Sample preparation

A mixture of deuterium-labeled standards was prepared with concentration of 2.5 mM for Tyr-d2, 10 mM for GABA-d6, and 0.1 mM for DA-d4, 3-MT-d4, NE-d6, and l-DOPA-d3 in 50% methanol in water. Coronal sections 4 mm posterior to the ac (−4 mm ac) were used for relative quantitation. This level was chosen because of feasibility of studying the following regions of interest: Put, Cd, GP, thalamus, hypothalamus, amygdala, and StT, as well as hippocampus and eight regions of the cerebral cortex including the PrG that contains the primary motor cortex, PoG, ACgG, insula, TG, and Ent. Samples from −6 mm ac were used as technical replicates. In addition, samples at −2, 0, and +4 mm ac were imaged to visualize further the anterior parts of the striatum. Frozen brains were sectioned at 12 μm thickness on a Leica CM3050S cryostat (Leica Microsystems, Wetzlar, Germany) at −20°C, thaw-mounted onto indium tin oxide–coated glass slides (Bruker Daltonics, Bremen, Germany), and stored at −80°C before analysis. On the day of analysis, samples were brought to room temperature in a desiccator. After 30 min in the desiccator, the deuterium-labeled standard solution was spotted on the glass slide (two spots, 0.2 μl) next to the tissue section for quality control. The on-tissue derivatization was performed according to a published protocol (15). Briefly, a solution with concentration (1.8 mg/ml) of FMP-10 in 70% acetonitrile was sprayed over the tissue sections with a robotic sprayer (TM-Sprayer, HTX-Technologies). Parameters of the spraying method were as follows: temperature, 80°C; flow rate, 80 μl/min; nozzle velocity, 1100 mm/min; track spacing, 2.0 mm; N2 pressure, 6 psi; number of passes, 30. After matrix application, the two slides were put in a MALDI slide adapter (Bruker Daltonics, Bremen) and scanned using a flatbed optical scanner (Epson Perfection V500, Japan).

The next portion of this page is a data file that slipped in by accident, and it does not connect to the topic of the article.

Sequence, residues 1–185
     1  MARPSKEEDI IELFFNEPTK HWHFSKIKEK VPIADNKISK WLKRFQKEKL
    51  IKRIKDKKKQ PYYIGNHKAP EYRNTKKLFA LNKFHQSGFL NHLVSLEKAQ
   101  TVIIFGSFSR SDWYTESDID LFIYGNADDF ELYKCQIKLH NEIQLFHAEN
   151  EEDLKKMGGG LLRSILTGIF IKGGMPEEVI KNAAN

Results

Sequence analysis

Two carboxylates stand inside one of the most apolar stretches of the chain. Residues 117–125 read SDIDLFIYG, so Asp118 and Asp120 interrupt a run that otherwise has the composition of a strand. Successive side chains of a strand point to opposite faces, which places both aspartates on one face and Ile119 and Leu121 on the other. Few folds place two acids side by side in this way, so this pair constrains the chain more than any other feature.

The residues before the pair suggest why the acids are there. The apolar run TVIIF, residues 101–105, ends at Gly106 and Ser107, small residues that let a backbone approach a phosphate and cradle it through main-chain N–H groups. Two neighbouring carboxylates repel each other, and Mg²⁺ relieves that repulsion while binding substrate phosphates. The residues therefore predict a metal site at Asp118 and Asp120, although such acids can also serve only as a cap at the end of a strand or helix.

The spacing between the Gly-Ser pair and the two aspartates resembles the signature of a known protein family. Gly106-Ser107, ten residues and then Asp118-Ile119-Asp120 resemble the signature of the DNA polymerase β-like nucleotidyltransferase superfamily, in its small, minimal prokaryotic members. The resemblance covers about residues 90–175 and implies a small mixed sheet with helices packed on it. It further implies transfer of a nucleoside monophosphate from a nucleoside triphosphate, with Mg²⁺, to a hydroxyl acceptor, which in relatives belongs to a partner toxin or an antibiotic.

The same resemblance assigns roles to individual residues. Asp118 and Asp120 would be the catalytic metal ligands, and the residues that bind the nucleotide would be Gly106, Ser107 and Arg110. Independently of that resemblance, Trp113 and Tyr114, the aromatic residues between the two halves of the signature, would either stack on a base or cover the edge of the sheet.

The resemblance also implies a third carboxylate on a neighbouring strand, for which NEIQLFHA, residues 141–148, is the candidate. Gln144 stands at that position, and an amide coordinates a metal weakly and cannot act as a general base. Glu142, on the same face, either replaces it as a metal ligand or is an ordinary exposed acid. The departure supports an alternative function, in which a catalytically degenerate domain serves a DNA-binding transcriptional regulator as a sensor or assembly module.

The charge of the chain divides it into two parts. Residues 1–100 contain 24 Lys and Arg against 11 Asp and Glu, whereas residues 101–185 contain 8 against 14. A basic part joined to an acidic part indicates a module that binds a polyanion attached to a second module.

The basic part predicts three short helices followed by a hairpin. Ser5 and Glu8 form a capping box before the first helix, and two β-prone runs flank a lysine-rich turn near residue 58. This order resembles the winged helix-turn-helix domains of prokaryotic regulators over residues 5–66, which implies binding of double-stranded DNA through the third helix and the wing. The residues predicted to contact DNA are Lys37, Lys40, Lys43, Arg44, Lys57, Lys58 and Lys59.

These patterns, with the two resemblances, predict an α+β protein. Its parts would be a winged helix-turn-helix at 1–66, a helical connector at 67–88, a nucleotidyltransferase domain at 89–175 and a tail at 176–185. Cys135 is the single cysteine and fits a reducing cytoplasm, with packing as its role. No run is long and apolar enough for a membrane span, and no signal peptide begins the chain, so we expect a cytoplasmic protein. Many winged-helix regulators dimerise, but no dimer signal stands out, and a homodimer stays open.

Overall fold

Data acquisition